This is a picture I have several times over from all my trips to Tuolumne Meadows in Yosemite and yet it never gets old. And, of course, the picture doesn’t do it justice.
the sun broke free of the clouds
Pretty self explanatory here… Hopefully you can feel my joy at both the arrival of the sun and the stunning view we woke up to that morning.
and it’s beginning to snow
Last month, the Little Prince, my brother, my dad, and I took a walk in the woods as the expression goes. It did NOT go as planned, but fun was still had despite the equipment issues and the weather turning against us. The rest of the month will be a photo essay, of sorts, of our trip. I hope you enjoy!
The coals drink deeply
A bed fueled by oxygen
Dancing with heat and color
And the night leans close
And the fire burns low
The coals sigh and squirm
Easing into their long sleep
With the patience of old age
And then close their eyes
And then dream their dreams
The coals are cold now
Wrapped up in a dirt blanket
Only the memory burns
And there it remains
And there flashes bright
It was kind of funny…
I’d walked the same stretch of trail only 6 days before but it was completely unrecognizable. And not for the first time I wondered why… Was it because I was going in the opposite direction? Was it because the time of day was different? Was it because my pack was lighter on my back and my body was more comfortable with it after 6 days on the move? Was it because I had changed so drastically over that time that how I viewed the world was no longer the same? Was it, as is most likely, a combination of all of these factors?
Of course. Of course the trail would look different. Of course I had changed.
When I had walked it before, I had been heading South, climbing away from Tuolumne Meadows. Each step was a fight against gravity pushing against my heavy pack. Each step was working muscles that hadn’t been tested since the last backpacking trip. The terrain was headed towards thinning groves of trees and the barren expanse of the pass fourteen hundred feet above. The morning’s coolness soon gave way to the heat of a humid thunderstorm laden afternoon. The threat of the unknown, the potential obstacles, the hard fought miles, the aches, the pains, and all the other struggles of a multi-day trip lay ahead and weighed down every forward movement.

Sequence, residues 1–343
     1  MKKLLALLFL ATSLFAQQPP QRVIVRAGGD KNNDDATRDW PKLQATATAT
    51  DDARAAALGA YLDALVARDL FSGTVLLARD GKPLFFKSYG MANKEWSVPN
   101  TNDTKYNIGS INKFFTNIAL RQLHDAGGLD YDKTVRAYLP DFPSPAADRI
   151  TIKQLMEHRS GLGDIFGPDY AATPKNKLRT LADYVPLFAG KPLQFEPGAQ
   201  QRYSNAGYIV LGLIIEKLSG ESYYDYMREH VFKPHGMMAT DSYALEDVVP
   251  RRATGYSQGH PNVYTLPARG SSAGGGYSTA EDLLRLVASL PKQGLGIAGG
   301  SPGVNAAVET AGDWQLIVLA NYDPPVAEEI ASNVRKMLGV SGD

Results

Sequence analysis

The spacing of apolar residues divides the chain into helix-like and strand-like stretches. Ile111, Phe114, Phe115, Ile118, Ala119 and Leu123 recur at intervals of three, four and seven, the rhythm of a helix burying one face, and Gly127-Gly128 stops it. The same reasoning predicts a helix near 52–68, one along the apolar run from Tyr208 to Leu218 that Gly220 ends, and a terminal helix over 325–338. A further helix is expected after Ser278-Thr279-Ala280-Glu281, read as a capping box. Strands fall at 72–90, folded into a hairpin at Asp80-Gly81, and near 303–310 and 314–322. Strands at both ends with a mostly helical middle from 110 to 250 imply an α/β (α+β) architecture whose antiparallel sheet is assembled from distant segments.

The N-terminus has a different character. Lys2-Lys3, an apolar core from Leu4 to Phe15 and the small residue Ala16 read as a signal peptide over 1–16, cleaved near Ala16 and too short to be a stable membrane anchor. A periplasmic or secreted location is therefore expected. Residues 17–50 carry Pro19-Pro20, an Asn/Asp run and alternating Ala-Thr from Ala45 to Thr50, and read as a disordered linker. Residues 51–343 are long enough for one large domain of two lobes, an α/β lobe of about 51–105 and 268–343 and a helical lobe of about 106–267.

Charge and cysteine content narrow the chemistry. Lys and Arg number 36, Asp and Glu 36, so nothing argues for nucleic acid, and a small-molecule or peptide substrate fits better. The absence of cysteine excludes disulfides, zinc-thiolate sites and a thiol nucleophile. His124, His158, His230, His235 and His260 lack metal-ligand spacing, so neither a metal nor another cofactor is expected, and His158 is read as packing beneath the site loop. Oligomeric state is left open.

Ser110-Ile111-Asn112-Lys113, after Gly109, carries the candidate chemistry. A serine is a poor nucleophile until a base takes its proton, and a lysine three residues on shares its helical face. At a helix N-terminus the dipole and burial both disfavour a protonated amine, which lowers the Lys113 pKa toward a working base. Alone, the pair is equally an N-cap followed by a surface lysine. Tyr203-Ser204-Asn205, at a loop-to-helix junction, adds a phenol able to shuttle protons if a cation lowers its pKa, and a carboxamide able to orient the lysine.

When I returned, I was trekking North, descending from Tuolumne Pass and returning to the shade and comfort of the ancient trees at the lower elevations. The morning cool had held sway over the stretch of trail above tree-line and then the afternoon’s warmth was kept at bay under the expansive canopy. My pack had been relieved of my share of the week’s meals. My muscles had hardened. My body had grown accustomed to the weight strapped across my hips and held securely to my frame over my shoulders. Gravity had become my friend. It helped my feet move forward and press down as each step went downhill from the last. I had survived the previous days, the aches, the pains, the struggles. All that was left was the final miles that would return me to the car and civilization.
Still, it was the same stretch of trail. The same trees. The same rocks. The same winding path. The same major landmarks. It should have looked familiar. Shouldn’t it? That’s where the source of confusion comes from. My mind was thrown off that it knew I’d walked those miles before but didn’t recognize them. It expected to and it riled at the disconnect, sending me warnings and demanding that I pay attention rather than relax and enjoy the beauty around me.
Because I’d felt that sensation before I was able to push it aside and still enjoy the final steps of my trip. It did make me wonder, however, how often we have similar perspective shifts in our day-to-day lives that cause us to worry. Those times we break from our routines, even only by a little bit, and our brains are thrown into overdrive… Driving familiar streets at a different time of day? Visiting a different neighborhood store than normal? Wearing a different style to a routine function?
What else? When have you felt a bit of that fight-or-flight response kick in when there was really no reason for it, when an almost routine, almost normal situation made you pause because it felt wrong, felt scary, felt funny?
I’m not really sure what the point of this post is. I was struck by the oddness of the situation on the trail and it made my mind wander a bit so now I’m sharing with you and maybe it will make your mind wander a bit too.